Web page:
International schools in Hong Kong

Former Hong Kong international school officer and husband guilty in HK$3.6 million fraud case over admission promise

Court finds pair made victims of families seeking places for their children

PUBLISHED : Thursday, 11 May, 2017, 8:57pm
UPDATED : Friday, 12 May, 2017, 12:28am

A former admissions officer and her husband were found guilty on Thursday of scamming HK$3.6 million out of parents eager to secure their children a place at the Hong Kong branch of an elite UK international school.

The District Court heard three families fell victim as they sought to enrol their children at Harrow International School Hong Kong. They were told that a donation would help improve their children’s chances and even gain them immediate admission if they were willing to pay more.

One mother recalled receiving a phone call for payment while she was with her friends, who subsequently told her that international schools in the city often required parents to pay sponsorships.

But Harrow International confirmed it never had a donation or sponsorship programme at the school granting admission priority to a donor.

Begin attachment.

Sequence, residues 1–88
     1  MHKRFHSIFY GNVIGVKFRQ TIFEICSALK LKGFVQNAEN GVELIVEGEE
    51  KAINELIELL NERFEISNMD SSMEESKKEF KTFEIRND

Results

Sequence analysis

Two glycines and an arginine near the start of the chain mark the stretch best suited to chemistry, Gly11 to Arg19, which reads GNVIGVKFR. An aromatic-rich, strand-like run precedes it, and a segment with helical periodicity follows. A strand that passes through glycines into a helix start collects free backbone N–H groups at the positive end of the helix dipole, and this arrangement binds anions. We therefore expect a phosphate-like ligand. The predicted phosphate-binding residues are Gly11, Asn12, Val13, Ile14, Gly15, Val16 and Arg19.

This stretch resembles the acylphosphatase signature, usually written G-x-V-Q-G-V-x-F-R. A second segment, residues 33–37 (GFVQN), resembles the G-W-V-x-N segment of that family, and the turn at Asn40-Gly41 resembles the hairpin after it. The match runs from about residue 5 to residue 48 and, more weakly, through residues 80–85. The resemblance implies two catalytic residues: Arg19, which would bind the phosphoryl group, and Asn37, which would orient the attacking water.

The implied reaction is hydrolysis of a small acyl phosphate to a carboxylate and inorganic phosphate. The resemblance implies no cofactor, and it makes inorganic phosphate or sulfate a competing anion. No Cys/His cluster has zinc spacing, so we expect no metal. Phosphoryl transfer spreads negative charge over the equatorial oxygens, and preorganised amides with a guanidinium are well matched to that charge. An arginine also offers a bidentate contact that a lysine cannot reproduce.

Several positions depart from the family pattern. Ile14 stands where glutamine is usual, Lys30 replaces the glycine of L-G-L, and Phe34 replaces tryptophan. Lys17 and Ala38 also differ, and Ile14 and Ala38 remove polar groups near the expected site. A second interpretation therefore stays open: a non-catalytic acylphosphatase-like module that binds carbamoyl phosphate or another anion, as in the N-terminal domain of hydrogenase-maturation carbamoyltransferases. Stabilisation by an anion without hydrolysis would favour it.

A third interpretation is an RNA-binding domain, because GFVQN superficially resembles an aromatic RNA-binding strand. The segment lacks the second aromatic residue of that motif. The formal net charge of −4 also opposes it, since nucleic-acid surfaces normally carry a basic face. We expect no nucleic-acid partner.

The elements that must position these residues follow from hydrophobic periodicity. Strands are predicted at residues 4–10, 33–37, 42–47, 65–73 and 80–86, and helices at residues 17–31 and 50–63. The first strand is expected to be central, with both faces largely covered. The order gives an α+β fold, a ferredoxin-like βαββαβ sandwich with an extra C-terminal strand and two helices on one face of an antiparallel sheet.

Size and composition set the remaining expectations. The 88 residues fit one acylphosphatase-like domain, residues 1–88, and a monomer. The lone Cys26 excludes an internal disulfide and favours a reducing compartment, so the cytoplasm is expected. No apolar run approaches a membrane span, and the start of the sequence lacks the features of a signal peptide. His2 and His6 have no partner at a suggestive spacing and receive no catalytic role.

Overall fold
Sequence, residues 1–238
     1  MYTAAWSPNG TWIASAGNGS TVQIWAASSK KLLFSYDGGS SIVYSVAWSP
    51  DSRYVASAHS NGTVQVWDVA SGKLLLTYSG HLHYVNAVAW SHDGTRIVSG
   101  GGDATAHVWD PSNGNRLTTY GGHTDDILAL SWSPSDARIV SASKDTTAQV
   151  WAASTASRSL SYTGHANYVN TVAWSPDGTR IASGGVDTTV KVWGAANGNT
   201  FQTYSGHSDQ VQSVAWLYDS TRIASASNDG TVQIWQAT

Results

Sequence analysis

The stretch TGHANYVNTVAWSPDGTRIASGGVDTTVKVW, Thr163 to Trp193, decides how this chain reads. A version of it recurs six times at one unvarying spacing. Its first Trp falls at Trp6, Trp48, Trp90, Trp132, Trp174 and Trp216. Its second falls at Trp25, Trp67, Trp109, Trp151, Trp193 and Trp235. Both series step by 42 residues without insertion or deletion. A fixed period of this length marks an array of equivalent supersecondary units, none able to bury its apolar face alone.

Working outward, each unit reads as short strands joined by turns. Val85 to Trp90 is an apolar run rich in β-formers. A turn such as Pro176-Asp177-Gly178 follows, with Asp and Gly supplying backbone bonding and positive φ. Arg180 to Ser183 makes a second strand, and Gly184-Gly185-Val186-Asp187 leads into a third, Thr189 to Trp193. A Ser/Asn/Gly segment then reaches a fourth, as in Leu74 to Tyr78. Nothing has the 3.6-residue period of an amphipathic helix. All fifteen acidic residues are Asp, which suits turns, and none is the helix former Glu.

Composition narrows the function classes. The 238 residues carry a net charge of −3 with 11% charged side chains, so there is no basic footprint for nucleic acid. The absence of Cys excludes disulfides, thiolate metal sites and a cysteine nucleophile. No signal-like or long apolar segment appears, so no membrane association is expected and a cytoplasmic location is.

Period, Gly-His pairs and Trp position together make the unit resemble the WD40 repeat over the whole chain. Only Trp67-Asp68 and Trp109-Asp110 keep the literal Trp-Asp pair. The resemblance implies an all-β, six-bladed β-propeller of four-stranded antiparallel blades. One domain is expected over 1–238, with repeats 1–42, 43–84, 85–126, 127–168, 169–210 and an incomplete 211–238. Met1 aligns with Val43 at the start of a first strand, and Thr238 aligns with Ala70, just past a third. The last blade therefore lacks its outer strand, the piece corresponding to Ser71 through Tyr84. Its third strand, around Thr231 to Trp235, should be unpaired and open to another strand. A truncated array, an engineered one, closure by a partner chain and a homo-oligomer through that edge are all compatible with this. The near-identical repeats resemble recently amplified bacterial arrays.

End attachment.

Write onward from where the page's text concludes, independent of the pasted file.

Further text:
Ex-employee of elite school was not in charge of prospective student admissions when she scammed parents, court hears

Chu Lau-ying, 27, then responsible for processing applications and arranging interviews at the school, was found guilty of two counts of fraud and one of attempted fraud. Her husband, Ng Mei-chuen, 25, a leathersmith, was convicted of two counts of laundering crime proceeds. Sentencing was adjourned to May 31, pending reports.

The pair had previously denied all charges, but now expressed a willingness to compensate the victims.

Any philanthropic support for the school ... has no link to student admission in the school
Harrow International School

The case arose from a corruption complaint.

In response to the verdict, Harrow International reminded the parents of prospective students not to trust any requests for donations by unauthorised parties who claimed to facilitate enrolment. “Any philanthropic support for the school ... has no link to student admission in the school and is made with no expectation of favouritism or reward,” its statement read.

The defence had explained that Chu only deposited the payments into her husband’s account for safekeeping to help the parents pay school fees when necessary without raising the school’s suspicion.

Ng, meanwhile, testified that he knew little about his wife’s job but trusted her account of the payments.

Both claims were rejected by deputy judge Winnie Lau Yee-wan, who concluded that Ng was unreliable.